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If you are striving to reach the frontier representing the best of possible performances, you can take pride in working toward being the best you can be. Benchmarking has greatly benefited private industry. Firms have found that they cannot survive and thrive without being acutely conscious of how well their competitors perform in serving their customers. For the public sector to thrive in an increasingly competitive environment, it too must strive to understand how to best serve its customers. Customer-driven benchmarking is an important tool for accomplishing that goal. PREREQUISITES FOR CUSTOMER-DRIVEN BENCHMARKING There are three prerequisites for successful customer-driven benchmarking: 1. Leadership. Customer-driven benchmarking, in most cases, will require a complete reorientation of the maintenance organization from thinking about maintenance resources, production, and activities to thinking about the maintenance products and services that are important to customers and the efficiency and effectiveness with which those products and services are delivered. This reorientation requires the strongest support from the head of maintenance. Usually the full endorsement of the chief executive officer will also be required. Without the leadership to bring about this change, customer-driven benchmarking will not succeed. Another part of the leadership imperative is to commit the agency to benchmarking. The time, effort, staff resources, and attention to detail required of the organization cannot be underestimated. You need to use the same performance measures as your benchmarking partners, and most likely you will not have the same measures to start with. You will have to work hard to agree on what these measures will be. You need to collect data in accordance with a rigorous plan. You need to document the practices of subunits in your agency and share the practices with your benchmarking partners if they are different from those of your organizational subunits. You need to make a commitment to implement new ideas found elsewhere and to set improvement targets. You will also need to think about 13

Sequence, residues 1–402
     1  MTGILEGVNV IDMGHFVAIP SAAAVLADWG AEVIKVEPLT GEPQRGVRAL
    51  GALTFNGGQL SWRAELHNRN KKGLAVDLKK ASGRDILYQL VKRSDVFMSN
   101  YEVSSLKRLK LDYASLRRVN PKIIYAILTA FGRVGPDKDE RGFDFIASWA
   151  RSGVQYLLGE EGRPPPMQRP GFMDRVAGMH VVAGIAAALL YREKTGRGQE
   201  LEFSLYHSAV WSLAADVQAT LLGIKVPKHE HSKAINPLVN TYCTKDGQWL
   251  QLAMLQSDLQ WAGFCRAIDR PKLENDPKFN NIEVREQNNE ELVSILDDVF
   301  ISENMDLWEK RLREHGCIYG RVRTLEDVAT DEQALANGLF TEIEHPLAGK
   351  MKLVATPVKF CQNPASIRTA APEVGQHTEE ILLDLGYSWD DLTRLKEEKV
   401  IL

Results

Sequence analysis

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Chapter 1: Introduction to Benchmarking whether measured performance and new practices ought to result in a reallocation of resources. 2. Culture. The culture must support the idea of continuous quality improvement. Customer-driven benchmarking requires a culture that is not satisfied with the status quo. Before customer-driven benchmarking begins, the maintenance organization must have made a substantial transformation toward continuous improvement and must be looking to others for better ways to serve its customers. This culture comes from leadership that continually seeks and studies success, is quick to admit failure, and rewards honest improvement and real effort to improve. Culture and Management Responsibilities . . . Changing the Focus from "What's Wrong" to "What's Right and Successful" Many organizations have a culture that tends to focus on the lower- performing units in the organization and to fix what is wrong. Benchmarking is different: it focuses on the best-performing units and seeks to understand why they are performing so well. In this new culture, management must want to understand the reasons for success and encourage everyone to recognize the possibility of change and improvement. Management also needs to challenge the organization to overcome the "not invented here" syndrome and to look elsewhere for ways to improve. 3. Agreed-upon measures. Participants in customer-driven benchmarking must agree on the measures they will use. It is much easier to reach agreement on measures if an agency plans to benchmark internally--across districts, areas, or garages--rather than externally--from one state or city to another. Even if an agency chooses to benchmark internally, many organizations do not have suitable customer-driven outcome measures. Many states lack customer survey information that is statistically valid at the county, sub- county, or area level of the organization, and they have few relevant technical measures of performance--for example, reflectivity of pavement markings. When benchmarking externally, it is much more challenging to identify relevant measures in each agency that are the same. Indeed, a major effort will be required by participating organizations to forge agreement on the measures to be used. Unless the measures are the same, there is no basis for reliable benchmarking. It is also critical that data be collected that fits the measures. 14